* Hopes of U.S.-China trade deal lend some support to soybeans
* Corn, wheat slip in run-up to Thanksgiving holiday closure
* South American crop weather looks favorable -analysts (Recasts with U.S. trading, changes dateline; previous PARIS/SINGAPORE)
By Tom Polansek
CHICAGO, Nov 27 (Reuters) - U.S. soybean futures stabilized on Wednesday after nearing a two-month low a day earlier, as traders weighed the chances for an initial trade accord between Washington and Beijing that could boost U.S. farm exports.
Corn and wheat futures declined again after falling on Tuesday as traders adjusted positions ahead of the Thanksgiving holiday on Thursday, when U.S. markets will close. Grain markets reopen for a shortened session on Friday.
Soybean traders are closely watching negotiations in the U.S.-China trade war because China is the world’s biggest importer of the oilseed. It bought $12 billion worth of the crop from the United States in the year before the dispute began, but has since slashed imports.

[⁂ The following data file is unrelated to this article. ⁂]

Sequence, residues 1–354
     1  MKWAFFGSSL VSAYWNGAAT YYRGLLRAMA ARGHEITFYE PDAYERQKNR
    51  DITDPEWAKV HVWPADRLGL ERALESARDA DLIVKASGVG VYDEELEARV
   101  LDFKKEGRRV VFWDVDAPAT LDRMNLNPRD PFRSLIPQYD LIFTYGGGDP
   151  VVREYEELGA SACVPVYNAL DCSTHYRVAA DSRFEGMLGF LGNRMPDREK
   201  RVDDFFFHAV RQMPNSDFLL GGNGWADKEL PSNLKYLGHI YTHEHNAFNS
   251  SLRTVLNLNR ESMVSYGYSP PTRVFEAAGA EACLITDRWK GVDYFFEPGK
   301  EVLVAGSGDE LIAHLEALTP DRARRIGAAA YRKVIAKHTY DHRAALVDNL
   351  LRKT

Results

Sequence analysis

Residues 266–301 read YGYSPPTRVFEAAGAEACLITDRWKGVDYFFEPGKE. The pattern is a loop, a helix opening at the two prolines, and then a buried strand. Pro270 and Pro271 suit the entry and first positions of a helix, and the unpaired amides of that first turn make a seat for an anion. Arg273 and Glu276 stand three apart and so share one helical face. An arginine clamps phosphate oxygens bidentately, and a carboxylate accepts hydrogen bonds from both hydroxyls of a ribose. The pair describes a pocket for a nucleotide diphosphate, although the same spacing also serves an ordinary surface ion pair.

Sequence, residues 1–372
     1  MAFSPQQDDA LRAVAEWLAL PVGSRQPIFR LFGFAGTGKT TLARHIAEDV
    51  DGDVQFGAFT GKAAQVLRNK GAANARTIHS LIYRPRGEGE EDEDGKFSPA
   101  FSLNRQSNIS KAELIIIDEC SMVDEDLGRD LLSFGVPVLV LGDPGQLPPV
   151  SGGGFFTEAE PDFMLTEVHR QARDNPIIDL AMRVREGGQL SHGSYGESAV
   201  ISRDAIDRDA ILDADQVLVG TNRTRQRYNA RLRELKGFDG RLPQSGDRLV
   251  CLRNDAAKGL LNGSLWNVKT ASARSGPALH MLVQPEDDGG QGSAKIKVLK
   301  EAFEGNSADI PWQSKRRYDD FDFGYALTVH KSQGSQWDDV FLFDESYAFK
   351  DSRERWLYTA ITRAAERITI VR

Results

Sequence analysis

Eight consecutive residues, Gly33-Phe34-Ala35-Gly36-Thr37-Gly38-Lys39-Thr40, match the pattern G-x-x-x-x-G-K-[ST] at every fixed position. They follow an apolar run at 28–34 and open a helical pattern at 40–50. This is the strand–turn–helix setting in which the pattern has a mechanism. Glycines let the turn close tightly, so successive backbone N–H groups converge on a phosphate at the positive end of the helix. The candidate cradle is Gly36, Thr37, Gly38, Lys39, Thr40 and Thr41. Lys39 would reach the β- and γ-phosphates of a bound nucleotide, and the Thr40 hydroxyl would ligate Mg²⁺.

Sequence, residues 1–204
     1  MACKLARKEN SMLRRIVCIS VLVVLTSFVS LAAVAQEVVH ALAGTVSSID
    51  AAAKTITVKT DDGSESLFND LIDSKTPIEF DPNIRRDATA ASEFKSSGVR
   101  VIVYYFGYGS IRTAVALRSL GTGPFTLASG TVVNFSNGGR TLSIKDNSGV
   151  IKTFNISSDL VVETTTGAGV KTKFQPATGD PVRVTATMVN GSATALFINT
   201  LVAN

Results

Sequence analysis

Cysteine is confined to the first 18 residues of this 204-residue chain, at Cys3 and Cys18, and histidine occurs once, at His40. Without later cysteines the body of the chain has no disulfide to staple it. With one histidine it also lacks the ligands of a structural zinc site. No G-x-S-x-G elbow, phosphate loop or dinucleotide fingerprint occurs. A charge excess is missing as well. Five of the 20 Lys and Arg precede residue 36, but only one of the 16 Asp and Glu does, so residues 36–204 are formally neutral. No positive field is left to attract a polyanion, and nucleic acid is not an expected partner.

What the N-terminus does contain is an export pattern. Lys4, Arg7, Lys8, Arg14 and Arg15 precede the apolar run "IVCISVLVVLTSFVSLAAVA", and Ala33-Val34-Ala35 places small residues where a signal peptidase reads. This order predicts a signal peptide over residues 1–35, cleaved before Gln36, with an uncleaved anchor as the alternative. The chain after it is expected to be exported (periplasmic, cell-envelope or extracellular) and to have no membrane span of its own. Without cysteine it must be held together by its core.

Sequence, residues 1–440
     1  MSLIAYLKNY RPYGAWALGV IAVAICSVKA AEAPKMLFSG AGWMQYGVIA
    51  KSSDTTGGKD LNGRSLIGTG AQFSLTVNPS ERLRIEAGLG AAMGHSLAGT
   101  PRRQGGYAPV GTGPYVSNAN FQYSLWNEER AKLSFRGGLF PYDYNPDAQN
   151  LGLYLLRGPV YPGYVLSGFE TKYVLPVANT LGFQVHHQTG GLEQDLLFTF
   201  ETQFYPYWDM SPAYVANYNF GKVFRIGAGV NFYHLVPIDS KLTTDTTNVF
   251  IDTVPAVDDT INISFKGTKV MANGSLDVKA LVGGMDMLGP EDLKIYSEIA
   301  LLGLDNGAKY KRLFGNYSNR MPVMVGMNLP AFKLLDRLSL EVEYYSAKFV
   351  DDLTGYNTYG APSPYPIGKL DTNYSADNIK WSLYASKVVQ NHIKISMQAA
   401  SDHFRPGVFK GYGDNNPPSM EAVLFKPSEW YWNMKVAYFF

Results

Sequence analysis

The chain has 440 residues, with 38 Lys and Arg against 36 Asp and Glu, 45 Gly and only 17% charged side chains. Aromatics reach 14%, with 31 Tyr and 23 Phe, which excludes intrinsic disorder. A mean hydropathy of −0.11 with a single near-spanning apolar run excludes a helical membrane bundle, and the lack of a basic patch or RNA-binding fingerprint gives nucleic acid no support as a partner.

Washington and Beijing are close to agreement on the first phase of a trade deal, U.S. President Donald Trump said on Tuesday, after top negotiators from the two countries agreed to keep working on remaining issues.
“Without a trade agreement signed with China, there is not a lot of reason to buy soybeans at this time other than a technical upward correction,” said Tomm Pfitzenmaier, analyst for Summit Commodity Brokerage in Iowa.
The most-active soybean contract on the Chicago Board of Trade (CBOT) was down 0.1% at $8.83-1/2 a bushel at 11:40 a.m. CST (1740 GMT).
Recent liquidation of long positions in the market seems to be easing, traders said.
“Oversold conditions are extensive,” Farm Futures said in a note.
Beneficial rains for soybean and corn planting in Brazil and Argentina have weighed on U.S. futures prices, according to traders.
The United States competes with South America for export business, and China has been buying soybeans from Brazil instead of the U.S. during the trade war.
U.S. farm equipment sales have taken a hit in the wake of the dispute, leaving farmers struggling to turn a profit. Deere & Co warned of lower earnings next year after reporting a fall in quarterly profits.
CBOT corn was down 0.8% at $3.75-1/4 a bushel while wheat dipped 0.5% to $5.28-1/2 a bushel. (Reporting by Tom Polansek in Chicago Additional reporting by Gus Trompiz in Paris and Naveen Thukral in Singapore; Editing by David Evans and Tom Brown)